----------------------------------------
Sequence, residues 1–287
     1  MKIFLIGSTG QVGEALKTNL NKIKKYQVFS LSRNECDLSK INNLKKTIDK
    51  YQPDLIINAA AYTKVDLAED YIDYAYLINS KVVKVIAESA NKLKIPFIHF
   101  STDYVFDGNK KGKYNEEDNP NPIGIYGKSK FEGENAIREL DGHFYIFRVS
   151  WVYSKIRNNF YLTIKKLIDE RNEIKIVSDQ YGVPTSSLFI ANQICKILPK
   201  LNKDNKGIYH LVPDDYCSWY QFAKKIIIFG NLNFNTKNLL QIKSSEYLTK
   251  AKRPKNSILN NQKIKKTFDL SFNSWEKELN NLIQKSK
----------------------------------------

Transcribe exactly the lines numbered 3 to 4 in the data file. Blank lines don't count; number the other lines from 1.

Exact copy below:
    51  YQPDLIINAA AYTKVDLAED YIDYAYLINS KVVKVIAESA NKLKIPFIHF
   101  STDYVFDGNK KGKYNEEDNP NPIGIYGKSK FEGENAIREL DGHFYIFRVS